Your phone company is becoming less important, and that's a good thing.
Like many people, we spent a good chunk of time this week playing with an iPhone 4, and specifically with Apple FaceTime -- given that poor AT&T coverage meant we were unable to make calls from the area we were in -- about an hour outside of New York City
. The video calling feature, which currently only operates over Wi-Fi and not AT&T's 3G network, works as advertised -- and may finally herald the arrival of video chat -- something that's been promised since AT&T hyped the concept at the 1964 world's fair
. FaceTime won't change the world, but along with products like Google Voice -- it is signaling a signficant change in the communications ecosystem.
As it stands now the service allows you to initiate a cellular call, then switch to Wi-Fi for FaceTime -- after which AT&T isn't involved in the communications process whatsoever. Of course an iPhone experience that doesn't involve AT&T excites many, like John Gruber
-- who groks that voice and video are just data -- and someday, your phone carrier's only real job will be to build networks that don't stink while leaving the calling mechanism itself to others. Notes Gruber:
But surely, someday, there will be a non-phone-carrier wireless networking technology with far greater range than Wi-Fi. FaceTime, I think, is a first step in the direction of a mobile "phone" with no mobile carrier. If and when FaceTime is supported over 3G in addition to Wi-Fi, it’ll be data, not voice — megabytes, not minutes. And immediately, starting today, it’s a step away from tying your iPhone’s “calls” to your carrier’s network.
People are only just starting to see a future where all communications is just data, the concept of a voice minute is completely irrelevant, and carriers themselves face life as little more than a dumb pipe. It's a future that for some reason is difficult for many people to get their head around (note how many people don't understand how Google Voice changes things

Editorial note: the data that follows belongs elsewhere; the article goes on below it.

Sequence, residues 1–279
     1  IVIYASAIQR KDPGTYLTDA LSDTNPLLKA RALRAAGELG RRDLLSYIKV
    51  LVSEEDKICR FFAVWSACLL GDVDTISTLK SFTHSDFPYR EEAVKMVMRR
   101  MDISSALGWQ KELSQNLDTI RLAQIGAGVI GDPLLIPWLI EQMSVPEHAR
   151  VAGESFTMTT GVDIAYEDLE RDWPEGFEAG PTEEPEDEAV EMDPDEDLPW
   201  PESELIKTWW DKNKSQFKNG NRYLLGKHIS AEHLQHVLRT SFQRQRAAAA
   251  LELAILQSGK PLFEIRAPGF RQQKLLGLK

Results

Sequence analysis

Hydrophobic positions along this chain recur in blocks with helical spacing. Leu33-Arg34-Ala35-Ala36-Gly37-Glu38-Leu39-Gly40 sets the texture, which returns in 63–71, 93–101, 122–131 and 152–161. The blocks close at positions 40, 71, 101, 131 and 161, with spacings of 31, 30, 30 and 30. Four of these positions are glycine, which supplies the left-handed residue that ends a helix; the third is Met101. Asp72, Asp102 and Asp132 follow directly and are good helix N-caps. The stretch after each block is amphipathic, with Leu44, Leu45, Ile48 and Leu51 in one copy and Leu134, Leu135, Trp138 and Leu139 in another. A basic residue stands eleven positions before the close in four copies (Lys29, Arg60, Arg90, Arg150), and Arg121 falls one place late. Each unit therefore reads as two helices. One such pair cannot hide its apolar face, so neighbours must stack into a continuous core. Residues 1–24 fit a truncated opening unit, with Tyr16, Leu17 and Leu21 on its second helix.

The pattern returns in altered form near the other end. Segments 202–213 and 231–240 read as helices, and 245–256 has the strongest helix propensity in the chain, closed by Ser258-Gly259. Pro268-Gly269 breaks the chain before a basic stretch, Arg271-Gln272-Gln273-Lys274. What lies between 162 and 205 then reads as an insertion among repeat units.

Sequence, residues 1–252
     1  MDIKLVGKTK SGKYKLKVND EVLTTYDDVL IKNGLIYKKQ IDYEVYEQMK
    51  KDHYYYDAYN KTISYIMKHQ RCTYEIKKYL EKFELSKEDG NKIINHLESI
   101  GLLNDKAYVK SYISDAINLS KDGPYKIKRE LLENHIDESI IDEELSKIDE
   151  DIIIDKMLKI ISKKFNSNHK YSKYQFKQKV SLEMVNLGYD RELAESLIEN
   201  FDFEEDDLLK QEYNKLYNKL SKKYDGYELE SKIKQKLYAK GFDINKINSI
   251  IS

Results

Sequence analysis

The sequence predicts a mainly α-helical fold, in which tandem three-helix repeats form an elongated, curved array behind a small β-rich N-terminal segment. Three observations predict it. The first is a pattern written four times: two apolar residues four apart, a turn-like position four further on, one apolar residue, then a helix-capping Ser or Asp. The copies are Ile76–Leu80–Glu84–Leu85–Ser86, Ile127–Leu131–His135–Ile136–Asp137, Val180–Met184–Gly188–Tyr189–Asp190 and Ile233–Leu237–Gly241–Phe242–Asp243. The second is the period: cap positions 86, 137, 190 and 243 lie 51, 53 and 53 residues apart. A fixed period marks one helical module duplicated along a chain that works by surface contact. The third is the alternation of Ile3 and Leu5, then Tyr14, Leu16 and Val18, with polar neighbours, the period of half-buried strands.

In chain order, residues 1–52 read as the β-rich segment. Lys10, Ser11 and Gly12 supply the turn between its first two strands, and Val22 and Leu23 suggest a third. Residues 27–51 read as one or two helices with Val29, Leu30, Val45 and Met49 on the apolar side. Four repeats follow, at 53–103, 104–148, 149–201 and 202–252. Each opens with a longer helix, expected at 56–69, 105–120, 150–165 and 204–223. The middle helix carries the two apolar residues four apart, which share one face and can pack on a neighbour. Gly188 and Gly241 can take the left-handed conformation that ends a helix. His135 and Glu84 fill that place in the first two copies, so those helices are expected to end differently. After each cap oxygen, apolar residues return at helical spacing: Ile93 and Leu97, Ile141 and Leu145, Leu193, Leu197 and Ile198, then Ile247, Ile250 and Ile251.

) -- so familiar we are with the idea that your phone company must also be in control of your choice of network connection device, the apps you run, and the voicemail and calling mechanisms you use.
This future should (and does
) terrify mobile carriers, given that under a truly open network model they not only lose revenue from the death of voice minutes and SMS -- but since generations living as pampered, government-protected monopolies have left them incapable of substantive innovation or competition
-- they very likely won't be the ones making money from content and services, either. Carriers therefore believe that the only recourse if they want to please investors and remain even remotely as powerful as they are today -- is to artificially constrict the pipe and begin charging ridiculous premiums for wireless data.
So while bandwidth gets progressively cheaper and technology like LTE drastically expands available capacity -- that's why AT&T and Verizon have decided to start pricing each wireless byte
as if they were bottles of water during the apocalypse. In reality, their only real choice will be to run a top notch network because (despite the dreams of ISP executives of being everything to everyone
) that will be their only real purpose, and half-assing network builds to placate myopic investors will no longer be an option.
Products like FaceTime and Google Voice are only the very beginning of a future where your phone company has to stop trying to be everything to everyone -- and start doing its one and only job.